Topic:   UNITED NATIONS
Subtopic:   CONSIDERATION AT SPECIAL OR GENERAL
Sub-subtopic:   ASSEMBLY MEETING
Permalink
?

Some hon. Members:

Agreed.

[Editor's note: For text of resolution above referred to, see appendix.]

Topic:   UNITED NATIONS
Subtopic:   CONSIDERATION AT SPECIAL OR GENERAL
Sub-subtopic:   ASSEMBLY MEETING
Permalink
CCF

Harold Edward Winch

Co-operative Commonwealth Federation (C.C.F.)

Mr. Winch:

A supplementary question, Mr. Speaker. Do I understand correctly that as a result of the decision taken by the security council the secretary general has been instructed to take a firm stand and if necessary to use the power and military force of the United Nations in order to bring about democratic conditions in the Congo and

Inquiries of the Ministry obviate the possibility of civil war there? Have I placed a correct interpretation on the decision of the security council?

Topic:   UNITED NATIONS
Subtopic:   CONSIDERATION AT SPECIAL OR GENERAL
Sub-subtopic:   ASSEMBLY MEETING
Permalink
PC

Howard Charles Green (Secretary of State for External Affairs)

Progressive Conservative

Mr. Green:

The hon. member with his experience at the United Nations will be able to place his own interpretation on the resolution. I do not think this is perfect, but it certainly should go far to strengthen the hand of the United Nations in dealing with the Congo crisis.

Hon. L. B. Pearson (Leader of Ihe

Opposition): Mr. Speaker, in view of the very far reaching and unprecedented character of this resolution, to which I am certainly not objecting, authorizing the use of international forces inside national boundaries for the first time in United Nations history, I believe, does the minister not think it might be useful to have this resolution of the security council, representing only a number of United Nations members, discussed and confirmed by the forthcoming assembly?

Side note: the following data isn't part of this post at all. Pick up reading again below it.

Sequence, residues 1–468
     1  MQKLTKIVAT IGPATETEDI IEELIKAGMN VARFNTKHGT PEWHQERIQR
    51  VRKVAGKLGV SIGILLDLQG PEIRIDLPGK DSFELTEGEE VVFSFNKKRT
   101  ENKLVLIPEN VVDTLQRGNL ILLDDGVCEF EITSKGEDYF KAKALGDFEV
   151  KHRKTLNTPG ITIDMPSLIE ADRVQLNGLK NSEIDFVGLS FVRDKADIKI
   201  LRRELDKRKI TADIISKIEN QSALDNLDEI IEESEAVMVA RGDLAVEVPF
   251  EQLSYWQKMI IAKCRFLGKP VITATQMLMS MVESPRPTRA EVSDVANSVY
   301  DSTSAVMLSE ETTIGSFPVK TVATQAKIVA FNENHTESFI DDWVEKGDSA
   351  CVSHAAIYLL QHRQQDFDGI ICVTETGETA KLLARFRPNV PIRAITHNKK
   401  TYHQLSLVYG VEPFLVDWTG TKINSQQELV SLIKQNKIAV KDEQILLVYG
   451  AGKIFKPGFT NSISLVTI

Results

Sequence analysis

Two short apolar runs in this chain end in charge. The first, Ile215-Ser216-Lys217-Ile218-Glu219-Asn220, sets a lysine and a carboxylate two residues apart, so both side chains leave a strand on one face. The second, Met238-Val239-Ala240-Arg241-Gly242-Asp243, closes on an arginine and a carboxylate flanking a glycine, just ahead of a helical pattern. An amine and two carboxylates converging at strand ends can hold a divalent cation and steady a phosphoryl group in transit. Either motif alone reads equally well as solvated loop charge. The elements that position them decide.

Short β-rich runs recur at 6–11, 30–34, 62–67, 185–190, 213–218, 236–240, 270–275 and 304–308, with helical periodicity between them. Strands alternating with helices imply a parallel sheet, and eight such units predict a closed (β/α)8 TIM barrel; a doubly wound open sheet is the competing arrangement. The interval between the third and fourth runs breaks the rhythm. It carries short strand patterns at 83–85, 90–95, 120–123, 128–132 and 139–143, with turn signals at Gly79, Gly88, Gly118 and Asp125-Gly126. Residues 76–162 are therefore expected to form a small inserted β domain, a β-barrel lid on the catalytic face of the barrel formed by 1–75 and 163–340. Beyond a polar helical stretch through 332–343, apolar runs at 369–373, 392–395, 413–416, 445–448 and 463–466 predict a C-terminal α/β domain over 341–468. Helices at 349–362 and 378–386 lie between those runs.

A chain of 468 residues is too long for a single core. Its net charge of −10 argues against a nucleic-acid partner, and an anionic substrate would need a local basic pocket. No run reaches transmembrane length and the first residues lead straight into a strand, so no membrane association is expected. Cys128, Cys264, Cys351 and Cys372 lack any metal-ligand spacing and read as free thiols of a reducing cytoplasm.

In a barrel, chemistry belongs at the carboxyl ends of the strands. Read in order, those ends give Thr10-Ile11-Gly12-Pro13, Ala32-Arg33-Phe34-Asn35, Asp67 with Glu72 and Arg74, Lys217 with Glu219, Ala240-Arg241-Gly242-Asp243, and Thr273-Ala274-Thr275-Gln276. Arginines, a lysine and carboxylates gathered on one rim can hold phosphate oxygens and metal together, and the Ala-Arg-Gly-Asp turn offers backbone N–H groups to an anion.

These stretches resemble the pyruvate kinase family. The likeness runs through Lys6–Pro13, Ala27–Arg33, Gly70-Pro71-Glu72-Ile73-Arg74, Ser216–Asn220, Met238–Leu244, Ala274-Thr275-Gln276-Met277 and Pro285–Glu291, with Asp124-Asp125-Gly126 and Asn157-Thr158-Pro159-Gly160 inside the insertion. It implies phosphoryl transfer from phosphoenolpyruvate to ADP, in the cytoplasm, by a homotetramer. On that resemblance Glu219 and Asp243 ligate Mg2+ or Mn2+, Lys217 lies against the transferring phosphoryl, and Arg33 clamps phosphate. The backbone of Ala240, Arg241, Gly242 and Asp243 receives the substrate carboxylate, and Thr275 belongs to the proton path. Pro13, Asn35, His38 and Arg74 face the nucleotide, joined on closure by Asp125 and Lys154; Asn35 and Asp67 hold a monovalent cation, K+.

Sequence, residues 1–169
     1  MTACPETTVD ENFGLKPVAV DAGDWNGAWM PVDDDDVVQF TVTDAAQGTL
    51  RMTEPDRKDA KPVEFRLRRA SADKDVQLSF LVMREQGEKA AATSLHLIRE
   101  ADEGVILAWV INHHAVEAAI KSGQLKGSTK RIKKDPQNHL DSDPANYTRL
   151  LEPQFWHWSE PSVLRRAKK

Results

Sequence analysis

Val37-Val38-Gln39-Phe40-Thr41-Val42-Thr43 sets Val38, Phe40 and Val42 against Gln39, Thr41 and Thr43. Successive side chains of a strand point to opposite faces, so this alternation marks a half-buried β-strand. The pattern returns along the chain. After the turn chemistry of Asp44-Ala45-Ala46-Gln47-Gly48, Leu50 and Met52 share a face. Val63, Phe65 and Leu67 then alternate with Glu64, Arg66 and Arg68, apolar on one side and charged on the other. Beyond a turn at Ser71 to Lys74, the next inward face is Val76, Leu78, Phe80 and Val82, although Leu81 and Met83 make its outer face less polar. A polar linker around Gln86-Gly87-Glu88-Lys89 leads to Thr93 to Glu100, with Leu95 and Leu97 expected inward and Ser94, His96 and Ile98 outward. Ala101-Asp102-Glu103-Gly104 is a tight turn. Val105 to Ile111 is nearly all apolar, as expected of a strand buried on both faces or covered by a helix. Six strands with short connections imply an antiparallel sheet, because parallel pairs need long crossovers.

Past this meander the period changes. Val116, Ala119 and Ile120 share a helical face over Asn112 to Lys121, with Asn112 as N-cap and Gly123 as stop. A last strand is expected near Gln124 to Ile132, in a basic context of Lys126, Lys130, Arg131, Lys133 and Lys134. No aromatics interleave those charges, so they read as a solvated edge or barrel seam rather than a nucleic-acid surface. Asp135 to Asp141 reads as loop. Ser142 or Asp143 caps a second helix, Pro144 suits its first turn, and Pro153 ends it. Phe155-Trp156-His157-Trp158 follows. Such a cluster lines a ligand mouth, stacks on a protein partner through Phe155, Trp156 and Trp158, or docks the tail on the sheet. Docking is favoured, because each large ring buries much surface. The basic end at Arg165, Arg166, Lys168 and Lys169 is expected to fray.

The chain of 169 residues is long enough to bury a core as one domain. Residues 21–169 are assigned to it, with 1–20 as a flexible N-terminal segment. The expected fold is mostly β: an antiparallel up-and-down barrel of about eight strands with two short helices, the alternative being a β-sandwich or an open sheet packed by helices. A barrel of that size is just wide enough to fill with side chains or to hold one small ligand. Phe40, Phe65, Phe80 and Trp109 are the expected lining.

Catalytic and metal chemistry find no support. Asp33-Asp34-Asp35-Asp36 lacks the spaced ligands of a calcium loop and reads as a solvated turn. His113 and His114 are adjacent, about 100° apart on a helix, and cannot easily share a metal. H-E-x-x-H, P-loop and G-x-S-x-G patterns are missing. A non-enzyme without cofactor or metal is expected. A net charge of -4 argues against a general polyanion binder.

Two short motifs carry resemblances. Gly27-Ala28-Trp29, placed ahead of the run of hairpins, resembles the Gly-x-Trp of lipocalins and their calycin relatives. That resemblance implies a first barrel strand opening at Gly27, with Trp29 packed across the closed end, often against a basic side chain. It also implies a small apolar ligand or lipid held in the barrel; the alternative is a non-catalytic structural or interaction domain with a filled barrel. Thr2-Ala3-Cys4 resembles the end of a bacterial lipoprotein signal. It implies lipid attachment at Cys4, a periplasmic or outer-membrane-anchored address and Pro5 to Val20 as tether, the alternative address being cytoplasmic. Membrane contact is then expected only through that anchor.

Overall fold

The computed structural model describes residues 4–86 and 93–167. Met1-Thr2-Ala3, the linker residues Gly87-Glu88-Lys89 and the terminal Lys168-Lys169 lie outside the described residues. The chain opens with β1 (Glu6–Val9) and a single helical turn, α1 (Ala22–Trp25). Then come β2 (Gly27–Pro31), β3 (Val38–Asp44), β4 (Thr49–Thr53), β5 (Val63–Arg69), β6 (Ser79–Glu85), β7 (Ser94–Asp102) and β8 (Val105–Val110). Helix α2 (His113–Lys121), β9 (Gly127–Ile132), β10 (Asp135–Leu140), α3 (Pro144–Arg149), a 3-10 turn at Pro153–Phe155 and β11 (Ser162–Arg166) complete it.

Topic:   UNITED NATIONS
Subtopic:   CONSIDERATION AT SPECIAL OR GENERAL
Sub-subtopic:   ASSEMBLY MEETING
Permalink
PC

Howard Charles Green (Secretary of State for External Affairs)

Progressive Conservative

Mr. Green:

Well, Mr. Speaker, it may be wise to follow that course, but the important thing is that this resolution has been passed by the security council without any members voting against it. There was considerable concern yesterday that the resolution would be vetoed possibly by two countries, but it has been passed with two abstentions and with no country voting against it. I think that is extremely important. I have no doubt that by the time the general assembly meets the situation in the Congo will have changed considerably and it may be that it will not be necessary at that time to have this particular resolution dealt with in the general assembly.